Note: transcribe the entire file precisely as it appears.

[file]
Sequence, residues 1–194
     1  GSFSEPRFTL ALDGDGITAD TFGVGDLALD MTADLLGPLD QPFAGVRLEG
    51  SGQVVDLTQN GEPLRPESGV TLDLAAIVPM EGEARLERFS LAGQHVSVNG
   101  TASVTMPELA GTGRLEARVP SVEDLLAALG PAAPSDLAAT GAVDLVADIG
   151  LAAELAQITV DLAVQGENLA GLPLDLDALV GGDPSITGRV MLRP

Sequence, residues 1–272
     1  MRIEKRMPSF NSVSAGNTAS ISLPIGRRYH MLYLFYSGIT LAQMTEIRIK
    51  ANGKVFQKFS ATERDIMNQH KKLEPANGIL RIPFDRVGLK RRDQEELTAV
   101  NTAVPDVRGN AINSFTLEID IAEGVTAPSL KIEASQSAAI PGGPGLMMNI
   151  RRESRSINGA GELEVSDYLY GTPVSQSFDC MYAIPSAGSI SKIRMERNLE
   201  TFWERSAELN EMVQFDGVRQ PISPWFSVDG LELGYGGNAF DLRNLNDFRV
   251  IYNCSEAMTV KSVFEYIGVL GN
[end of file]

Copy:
Sequence, residues 1–194
     1  GSFSEPRFTL ALDGDGITAD TFGVGDLALD MTADLLGPLD QPFAGVRLEG
    51  SGQVVDLTQN GEPLRPESGV TLDLAAIVPM EGEARLERFS LAGQHVSVNG
   101  TASVTMPELA GTGRLEARVP SVEDLLAALG PAAPSDLAAT GAVDLVADIG
   151  LAAELAQITV DLAVQGENLA GLPLDLDALV GGDPSITGRV MLRP

Sequence, residues 1–272
     1  MRIEKRMPSF NSVSAGNTAS ISLPIGRRYH MLYLFYSGIT LAQMTEIRIK
    51  ANGKVFQKFS ATERDIMNQH KKLEPANGIL RIPFDRVGLK RRDQEELTAV
   101  NTAVPDVRGN AINSFTLEID IAEGVTAPSL KIEASQSAAI PGGPGLMMNI
   151  RRESRSINGA GELEVSDYLY GTPVSQSFDC MYAIPSAGSI SKIRMERNLE
   201  TFWERSAELN EMVQFDGVRQ PISPWFSVDG LELGYGGNAF DLRNLNDFRV
   251  IYNCSEAMTV KSVFEYIGVL GN